Anyway, you can tell where this leading. It starts with a threesome and then it ends with the house getting destroyed and people getting buried alive and, to be honest, it gets a little bit boring after a while. Perhaps if Evan was truly a loathsome character, as opposed to just an awkward Keanu Reeves, there would be some sort of joy in watching Genesis and Bel taunt him while destroying his home and destroying his wife’s artwork but instead it just amount to a bunch of repetitive taunting. Despite all of their talk about how Evan represents the 1% and how quickly Evan was willing to cheat on his wife and potentially destroy his family, Genesis and Bel don’t come across as being revolutionaries or avenging angels. Instead, they just seem to be overcaffeinated with no real reason for doing what they’re doing beyond the fact that there wouldn’t be a movie otherwise.
Keanu Reeves gives a strange performance in this film. At the start of the film, he actually seems like he’s perfectly cast. When Genesis and Bel first show up at his door, there’s some genuine wit to found in his confused reaction to the two girls. But then, as the film progresses, Reeves has to start pretending to be desperate and that’s never really been his strong suit. Perhaps because he’s trying to keep up with the hyper performances of Lorenza Izzo and Anna de Armas, Reeves starts to shout every single line and it just becomes rather humorous before then becoming rather dull. “STOP IT! I COULD GO DEAF!” he shouts when the girls force him to listen to loud music. Later, when he curses the girls, he sounds like a cartoon character talking about how much he hates Bugs Bunny. I like Keanu Reeves but he’s just not a very good shouter.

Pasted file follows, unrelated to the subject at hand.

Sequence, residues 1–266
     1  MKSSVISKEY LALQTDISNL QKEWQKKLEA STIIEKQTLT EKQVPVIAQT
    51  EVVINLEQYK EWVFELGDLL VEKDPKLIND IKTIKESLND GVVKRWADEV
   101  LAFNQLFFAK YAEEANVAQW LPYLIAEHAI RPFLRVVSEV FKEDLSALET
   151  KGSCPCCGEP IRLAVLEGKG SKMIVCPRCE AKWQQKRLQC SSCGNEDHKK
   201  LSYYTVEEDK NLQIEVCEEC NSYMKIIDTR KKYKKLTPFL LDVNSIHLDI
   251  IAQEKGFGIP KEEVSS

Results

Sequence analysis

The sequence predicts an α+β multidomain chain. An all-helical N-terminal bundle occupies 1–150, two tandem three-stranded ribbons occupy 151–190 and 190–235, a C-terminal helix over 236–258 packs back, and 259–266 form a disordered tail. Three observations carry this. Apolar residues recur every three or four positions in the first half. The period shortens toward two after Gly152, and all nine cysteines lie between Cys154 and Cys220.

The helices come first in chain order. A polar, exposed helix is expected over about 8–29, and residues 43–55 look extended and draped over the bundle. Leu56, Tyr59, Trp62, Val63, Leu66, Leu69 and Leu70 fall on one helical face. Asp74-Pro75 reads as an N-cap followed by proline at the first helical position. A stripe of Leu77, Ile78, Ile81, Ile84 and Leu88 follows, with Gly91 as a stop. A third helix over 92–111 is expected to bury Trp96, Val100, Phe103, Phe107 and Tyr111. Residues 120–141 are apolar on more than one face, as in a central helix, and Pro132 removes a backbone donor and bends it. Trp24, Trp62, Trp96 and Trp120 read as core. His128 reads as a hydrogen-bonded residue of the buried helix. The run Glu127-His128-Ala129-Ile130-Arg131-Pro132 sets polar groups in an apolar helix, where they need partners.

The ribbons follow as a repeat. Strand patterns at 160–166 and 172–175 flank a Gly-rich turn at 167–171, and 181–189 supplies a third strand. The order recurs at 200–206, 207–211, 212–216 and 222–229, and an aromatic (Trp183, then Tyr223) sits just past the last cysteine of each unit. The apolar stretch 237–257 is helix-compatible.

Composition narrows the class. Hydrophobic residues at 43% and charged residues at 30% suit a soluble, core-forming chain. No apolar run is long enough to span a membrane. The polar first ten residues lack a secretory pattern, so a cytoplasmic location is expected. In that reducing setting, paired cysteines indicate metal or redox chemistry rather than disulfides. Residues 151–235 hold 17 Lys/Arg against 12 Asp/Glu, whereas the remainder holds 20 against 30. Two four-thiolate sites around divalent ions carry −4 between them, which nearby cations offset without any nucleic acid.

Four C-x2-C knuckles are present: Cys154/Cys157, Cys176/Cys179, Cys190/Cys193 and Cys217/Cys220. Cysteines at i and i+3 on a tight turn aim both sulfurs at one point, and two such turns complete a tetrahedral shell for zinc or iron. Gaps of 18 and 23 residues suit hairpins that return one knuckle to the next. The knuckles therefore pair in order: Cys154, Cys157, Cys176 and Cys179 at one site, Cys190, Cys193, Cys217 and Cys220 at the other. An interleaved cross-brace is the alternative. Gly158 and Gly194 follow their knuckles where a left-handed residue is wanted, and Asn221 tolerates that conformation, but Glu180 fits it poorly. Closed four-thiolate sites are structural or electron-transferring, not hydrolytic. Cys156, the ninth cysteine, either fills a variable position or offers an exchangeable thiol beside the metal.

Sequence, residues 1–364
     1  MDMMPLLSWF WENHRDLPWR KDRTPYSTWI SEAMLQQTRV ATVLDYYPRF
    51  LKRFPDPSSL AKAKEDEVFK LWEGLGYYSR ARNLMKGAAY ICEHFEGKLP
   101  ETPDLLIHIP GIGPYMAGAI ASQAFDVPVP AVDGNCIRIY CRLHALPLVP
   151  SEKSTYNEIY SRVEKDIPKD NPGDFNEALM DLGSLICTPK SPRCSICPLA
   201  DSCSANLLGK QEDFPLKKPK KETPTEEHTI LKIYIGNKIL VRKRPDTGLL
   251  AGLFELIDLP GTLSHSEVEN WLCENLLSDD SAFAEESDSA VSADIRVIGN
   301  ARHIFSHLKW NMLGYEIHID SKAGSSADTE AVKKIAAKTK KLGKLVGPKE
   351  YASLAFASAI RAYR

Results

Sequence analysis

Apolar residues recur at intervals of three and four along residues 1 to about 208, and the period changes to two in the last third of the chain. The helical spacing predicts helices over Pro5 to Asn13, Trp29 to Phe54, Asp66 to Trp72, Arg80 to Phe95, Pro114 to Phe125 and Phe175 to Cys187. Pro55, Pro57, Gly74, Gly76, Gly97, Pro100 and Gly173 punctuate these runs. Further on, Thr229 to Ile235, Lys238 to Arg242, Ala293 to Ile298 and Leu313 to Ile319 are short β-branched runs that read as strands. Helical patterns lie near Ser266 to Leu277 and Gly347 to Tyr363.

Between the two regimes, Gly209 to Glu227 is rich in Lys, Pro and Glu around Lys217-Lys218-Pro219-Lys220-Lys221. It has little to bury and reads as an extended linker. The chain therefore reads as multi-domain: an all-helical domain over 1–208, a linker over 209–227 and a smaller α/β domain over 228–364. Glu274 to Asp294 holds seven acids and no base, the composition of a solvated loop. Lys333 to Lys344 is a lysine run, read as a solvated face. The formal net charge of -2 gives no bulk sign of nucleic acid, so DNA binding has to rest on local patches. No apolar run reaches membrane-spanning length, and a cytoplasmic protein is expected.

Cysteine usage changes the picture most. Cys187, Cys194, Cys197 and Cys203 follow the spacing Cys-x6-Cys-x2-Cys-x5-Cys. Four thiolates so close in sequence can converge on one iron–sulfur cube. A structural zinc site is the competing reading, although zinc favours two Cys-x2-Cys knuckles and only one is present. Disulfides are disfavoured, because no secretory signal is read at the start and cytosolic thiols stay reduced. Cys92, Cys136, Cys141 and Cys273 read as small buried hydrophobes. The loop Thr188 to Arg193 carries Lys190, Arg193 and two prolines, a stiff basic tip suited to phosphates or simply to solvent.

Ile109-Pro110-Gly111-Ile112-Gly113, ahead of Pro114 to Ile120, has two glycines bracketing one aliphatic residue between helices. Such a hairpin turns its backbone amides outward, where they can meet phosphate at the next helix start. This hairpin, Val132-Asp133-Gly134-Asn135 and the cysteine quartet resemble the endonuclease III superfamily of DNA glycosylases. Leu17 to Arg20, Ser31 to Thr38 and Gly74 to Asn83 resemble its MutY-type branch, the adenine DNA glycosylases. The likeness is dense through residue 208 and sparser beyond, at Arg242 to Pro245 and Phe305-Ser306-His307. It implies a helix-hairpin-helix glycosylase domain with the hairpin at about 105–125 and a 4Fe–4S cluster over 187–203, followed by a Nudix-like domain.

I’ve defended Eli Roth in the past and I imagine that I’ll do so again in the future but it’s best to keep the door closed on Knock Knock.
Can one act stain your soul for all eternity? It turns out that if you attempt suicide, you’re going to Hell. Anywho, Constantine was a comic by Alan Moore (Watchmen) long before Keanu Reeves played the demon fighter. Full disclosure, I have purchased, but not read the comic. It’s long and I’m not sure if I can get through it for this horrorthon, but I WILL TRY!
Constantine was born with a “gift” that he could see demons among us. This drives him out of his mind; so, he commits suicide and is sent promptly to Hell. He’s tormented for what seems like an eternity, but in our time was just two minutes. He returns to Earth because paramedics revive him. Because he attempted to kill himself, he’s condemned to Hell when he dies. How do I know this?The “Half-Angel” Gabriel tells it to us in really clunky exposition. It turns out that Heaven and Hell are basically in a Cold War and can’t directly fight on Earth.
Constantine REALLY doesn’t want to go back to Hell. His solution is to fight demons for a living to get into heaven. He does an exorcism here and there and fights evil, but this isn’t his ticket back to heaven- as I was told by MORE exposition. Constantine is kind of a depressive and a little whiny at times. I guess that’s why I kept getting annoyed by him. Yeah, Yeah, your life sucks, but there’s no reason to do this all the time:
There’s a lot of these “I’m so broody Boohoo” moments in this film.
Like this one:
This one was a long trip to bummer time with a soupçon of anger:
Between the complaining, Constantine uncovers a plot that Lucifer’s son Mammon is trying to break into earth and cause a lot of trouble. Trouble….Trouble….that starts with M …. and ends with N, which stands for Mammon!
Constantine was entertaining, but it seems kinda all over the place at times. The parts that had him hot on the trail of Mammon and his evil plans were fun, but all the side plots and side characters were a mixture of goofy and dull. Overall, it was a good burgers and fries flick. Not to say that the comics or the cartoon (yep, there’s a cartoon, I know because of Google) aren’t awesome, but if they are the same quality as the movie, they are beach reads or I’m stuck on public transportation reading. There might be sequel. Will I watch it? Yes, because despite my snark, I’m basically 14.